U.S. Army on the hunt for Bitcoin bloodhounds

U.S. Army

News from the U.S. Army shows that the military agency is investing in blockchain talent in a sort of strange way.

Cointelegraph reports that the United States Army Contracting Command in the state of New Jersey is looking for cryptocurrency investigators, according to documents posted July 25.

Part of the interesting nature of this news involves the role of the U.S. Army Criminal Investigation Division Command or USACIDC within the Army organization.

As a separate military command, CIDC (or CID) was designed to investigate crimes in the military and violations of military law within the US Army.

Here’s part of how Wikipedia describes the agency: “Within the United States Army, CID has exclusive jurisdiction in the investigation of all serious, felony level crimes with the exception of certain national security crimes such as espionage, treason, and certain aspects of international terrorism.”

More research into the CID’s history shows that the agency is not actually a prosecuting body: think of CID staffers as private investigators doing the legwork to build a case against someone who is masterminding a criminal scheme within the U.S. Army, whether it’s oriented toward violent crime, or financial chicanery.

However, as part of the agency’s mandate is to “collect, analyze and disseminate criminal intelligence” and “conduct sensitive and/or serious investigations,” it might make sense for this agency to have blockchain experience on its side.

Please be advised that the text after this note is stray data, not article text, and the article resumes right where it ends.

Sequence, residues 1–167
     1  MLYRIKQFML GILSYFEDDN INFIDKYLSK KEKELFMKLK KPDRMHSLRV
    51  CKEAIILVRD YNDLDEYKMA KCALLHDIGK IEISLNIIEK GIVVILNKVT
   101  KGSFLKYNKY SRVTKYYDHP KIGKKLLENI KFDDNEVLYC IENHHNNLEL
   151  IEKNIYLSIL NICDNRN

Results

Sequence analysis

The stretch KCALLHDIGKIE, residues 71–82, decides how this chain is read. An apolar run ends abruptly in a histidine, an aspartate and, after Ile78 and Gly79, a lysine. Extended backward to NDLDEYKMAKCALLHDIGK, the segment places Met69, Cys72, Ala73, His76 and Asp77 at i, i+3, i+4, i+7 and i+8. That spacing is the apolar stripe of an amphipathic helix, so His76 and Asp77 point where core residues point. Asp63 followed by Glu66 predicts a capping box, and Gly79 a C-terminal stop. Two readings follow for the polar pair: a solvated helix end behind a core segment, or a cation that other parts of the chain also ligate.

Specifically, the Army agency appears to be looking for individuals who can track Bitcoin in real time, in order to pursue those using the cryptocurrency for fraud, extortion or money laundering, or some other illicit and illegal purpose.

The news also adds to the debate over transparency and the decentralized nature of Bitcoin as a currency. Does the transparent nature of the blockchain mean Bitcoin is safer than the dollar? Or does the decentralized premise lead to much more potential for black market activities? You’ll hear arguments on both sides, but the U.S. government’s current pursuit of blockchain pros is part of a greater trend toward government agencies looking at greater skin in the crypto game, according to cited Diar reports that the U.S. government tripled its investment in blockchain during the year 2018. That means you can add the defense industry to the list of sectors where BNTC is growing more accepted and more prolifically used, in the ‘year of the blockchain.’